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OK guys, things are about to get awkward because I'm going to address you as a group, but there's no way around it. The fact is that although only some of you abuse, rape or harass other people, there's no way of telling just by looking at you which one of you is a potential perpetrator.

For women and non-binary people who live in fear of being attacked, this means that every single one of you is a potential threat; a sweeping generalisation that comes at a great cost to all of us. This became abundantly clear in the responses to a public Facebook post with the question: "What have you done to prevent being raped?" Nearly a hundred people responded, all of them women. Not a single man responded.

What have you done to avoid being raped?*

An open question to the public, posted on Facebook May 10, 2021.

(Pinch to zoom in if you're reading this on a mobile device.)

What's my problem?

Without further ado, let me introduce myself and explain why I'm writing this letter to you, dear man. My name is Thordis Elva and I have spent 15 years working with the consequences of the violence your brethren subject women and children to. I have worked in a shelter where the youngest victim with a physical injuries was a three week old infant, and the youngest human trafficking victim was five years old. I have written books and short films on sexual violence, launched national and international campaigns, and served on government committees to curb the harm caused by men's violence. In the UK, the latest research shows that 97% of women have been sexually harassed. In Egypt, that figure is 99%. At a glance, these countries have no other cultural similarities, apart from the sexual harassment of nearly every single female citizen alive. Recently, what has been called "the second #metoo wave" took Iceland by storm, but for those of us who work in this field, violence doesn't come in waves. It is a steady, never-ending flow in every single country on earth, every single day.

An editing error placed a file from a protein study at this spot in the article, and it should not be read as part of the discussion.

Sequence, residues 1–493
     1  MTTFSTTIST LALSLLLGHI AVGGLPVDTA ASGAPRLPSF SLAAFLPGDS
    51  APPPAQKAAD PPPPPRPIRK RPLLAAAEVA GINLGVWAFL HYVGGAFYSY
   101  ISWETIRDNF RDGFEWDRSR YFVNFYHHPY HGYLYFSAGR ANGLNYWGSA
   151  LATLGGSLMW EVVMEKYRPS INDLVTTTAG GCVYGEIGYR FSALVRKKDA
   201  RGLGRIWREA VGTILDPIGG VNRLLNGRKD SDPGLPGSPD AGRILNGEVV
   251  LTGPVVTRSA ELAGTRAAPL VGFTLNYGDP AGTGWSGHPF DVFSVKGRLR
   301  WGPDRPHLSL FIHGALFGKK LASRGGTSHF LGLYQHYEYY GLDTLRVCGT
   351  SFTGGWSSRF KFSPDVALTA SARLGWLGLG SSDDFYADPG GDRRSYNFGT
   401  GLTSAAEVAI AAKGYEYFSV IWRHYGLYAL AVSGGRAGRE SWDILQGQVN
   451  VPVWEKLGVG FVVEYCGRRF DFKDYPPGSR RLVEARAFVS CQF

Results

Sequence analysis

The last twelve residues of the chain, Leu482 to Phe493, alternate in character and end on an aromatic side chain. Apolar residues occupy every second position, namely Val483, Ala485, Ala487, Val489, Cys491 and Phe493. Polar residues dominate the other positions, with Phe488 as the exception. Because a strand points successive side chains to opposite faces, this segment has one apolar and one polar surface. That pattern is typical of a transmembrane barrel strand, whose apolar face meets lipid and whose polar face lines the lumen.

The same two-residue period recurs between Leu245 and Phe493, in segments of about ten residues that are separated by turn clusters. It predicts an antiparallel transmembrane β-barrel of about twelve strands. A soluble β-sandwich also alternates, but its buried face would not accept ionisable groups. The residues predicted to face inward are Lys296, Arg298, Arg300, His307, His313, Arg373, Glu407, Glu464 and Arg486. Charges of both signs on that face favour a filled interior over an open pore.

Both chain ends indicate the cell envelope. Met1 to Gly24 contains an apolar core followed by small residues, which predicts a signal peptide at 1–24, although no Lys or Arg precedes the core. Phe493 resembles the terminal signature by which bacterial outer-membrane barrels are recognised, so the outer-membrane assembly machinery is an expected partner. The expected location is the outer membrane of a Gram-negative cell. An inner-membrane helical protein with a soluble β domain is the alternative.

I want your hearts to break

It wouldn't surprise me if at this point, you're thinking: "What the hell is your beef with me, Thordis? I haven't done anything!"

Exactly. That's exactly the problem. You haven't done anything.

I have attended at least a hundred conferences on how to prevent and decrease men's violence, and without exception, the only men in the audience are the technicians or the occasional politician, both of whom are paid to attend. And I'm tired of it. Tired of preaching to the choir. I'm tired of the fact that even this article will be read and shared almost exclusively by women, who have absolutely no need for this information. Women don't need to be made more aware of men's violence against them, they are already bending over backwards to prevent it. I repeat: Women are doing their absolute best to avoid being raped. The precautions they take are countless and taint their entire existence, what clothes they wear, where they go, what route they choose, where they park, how they react to men in their environment, whether they speak up, when they listen to music, whether or not they party and where, whether or not they use the bathroom, what type of drink they order, what time they go home and how and so on and so forth. Read the list above and let it break your heart. Because I want your hearts to break, guys. I want you to be as saddened and outraged as I am that women feel forced to limit their freedom and quality of life to this staggering degree, as if they don't live in a free country but in a war zone. I want your broken hearts to inspire you to end this war on women. Because the fact is that only you can.

The „good guys“ and the accusations